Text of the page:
Military in Zimbabwe’s capital after army chief’s threat
HARARE, Zimbabwe — At least three explosions were heard in Zimbabwe’s capital early Wednesday and military vehicles were seen in the streets after the army commander threatened to “step in” to calm political tensions over 93-year-old President Robert Mugabe’s possible successor. The ruling party accused the commander of “treasonable conduct.”
The Associated Press saw armed soldiers assaulting passers-by in the early morning hours in Harare, as well as soldiers loading ammunition near a group of four military vehicles. The explosions could be heard near the University of Zimbabwe campus.
Those developments came several hours after The Associated Press on Tuesday saw three armored personnel carriers with several soldiers in a convoy heading toward an army barracks just outside the capital. For the first time, this southern African nation is seeing an open rift between the military and Mugabe, the world’s oldest head of state who has ruled since independence from white minority rule in 1980. The military has been a key pillar of his power.
Mugabe last week fired Vice President Emmerson Mnangagwa and accused him of plotting to take power, including through witchcraft. Mnangagwa, who enjoyed the military’s backing and once was seen as a potential president, fled the country and said he had been threatened.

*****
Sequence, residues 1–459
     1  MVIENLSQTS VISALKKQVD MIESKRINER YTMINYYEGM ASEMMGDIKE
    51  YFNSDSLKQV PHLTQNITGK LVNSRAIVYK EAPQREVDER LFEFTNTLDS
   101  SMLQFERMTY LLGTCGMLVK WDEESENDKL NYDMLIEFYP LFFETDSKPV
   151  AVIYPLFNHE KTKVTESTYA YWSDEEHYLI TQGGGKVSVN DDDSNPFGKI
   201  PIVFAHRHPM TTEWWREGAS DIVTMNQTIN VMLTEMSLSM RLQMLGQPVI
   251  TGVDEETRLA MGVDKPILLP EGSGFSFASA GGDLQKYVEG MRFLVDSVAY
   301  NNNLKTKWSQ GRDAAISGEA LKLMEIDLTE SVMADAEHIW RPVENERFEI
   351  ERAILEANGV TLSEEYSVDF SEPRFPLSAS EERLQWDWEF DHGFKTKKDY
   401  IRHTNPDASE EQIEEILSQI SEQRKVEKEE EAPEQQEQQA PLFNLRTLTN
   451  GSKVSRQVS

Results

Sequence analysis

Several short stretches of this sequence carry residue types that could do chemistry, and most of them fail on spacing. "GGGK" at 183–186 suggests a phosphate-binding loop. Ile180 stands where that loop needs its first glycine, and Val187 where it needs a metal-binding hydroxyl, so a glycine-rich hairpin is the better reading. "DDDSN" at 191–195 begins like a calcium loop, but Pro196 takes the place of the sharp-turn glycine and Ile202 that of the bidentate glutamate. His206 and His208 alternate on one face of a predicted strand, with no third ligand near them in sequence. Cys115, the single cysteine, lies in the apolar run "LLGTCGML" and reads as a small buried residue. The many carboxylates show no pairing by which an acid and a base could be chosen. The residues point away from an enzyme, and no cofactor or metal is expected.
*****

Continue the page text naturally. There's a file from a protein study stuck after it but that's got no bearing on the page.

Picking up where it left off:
Iran to probe state-built homes destroyed by deadly quake
SARPOL-E-ZAHAB, Iran — Iranian President Hassan Rouhani launched an investigation Tuesday into why government housing built by his hard-line predecessor collapsed while others withstood a powerful earthquake near the border with Iraq that killed more than 530 people.
In the Kurdish town of Sarpol-e-Zahab, which was reconstructed in the decades since the 1980s war with Iraq, the outer walls of apartment complexes tumbled away in the magnitude 7.3 earthquake Sunday night. The housing was built as a part of the “Mehr” or “kindness” project of former President Mahmoud Ahmadinejad.
Some now-homeless survivors simply wept outside, while others angrily showed Associated Press journalists the destruction done by the quake.
Key UN committee condemns North Korea for not aiding people
UNITED NATIONS — A key U.N. committee approved a resolution Tuesday condemning North Korea for diverting its resources to pursue nuclear weapons and ballistic missiles instead of helping its people, over half of whom need more food and improved medical care.
The resolution sponsored by the European Union and Japan was adopted without a vote by the General Assembly’s human rights committee. It has 61 cosponsors — two more than last year — and now goes to the 193-member assembly which is certain to adopt it in December.
Estonia’s deputy U.N. ambassador Minna-Liina Lind, speaking on behalf of the EU, accused North Korea of committing serious human rights violations “in a widespread and systematic way,” including by its “inhumane conditions in detention camps.”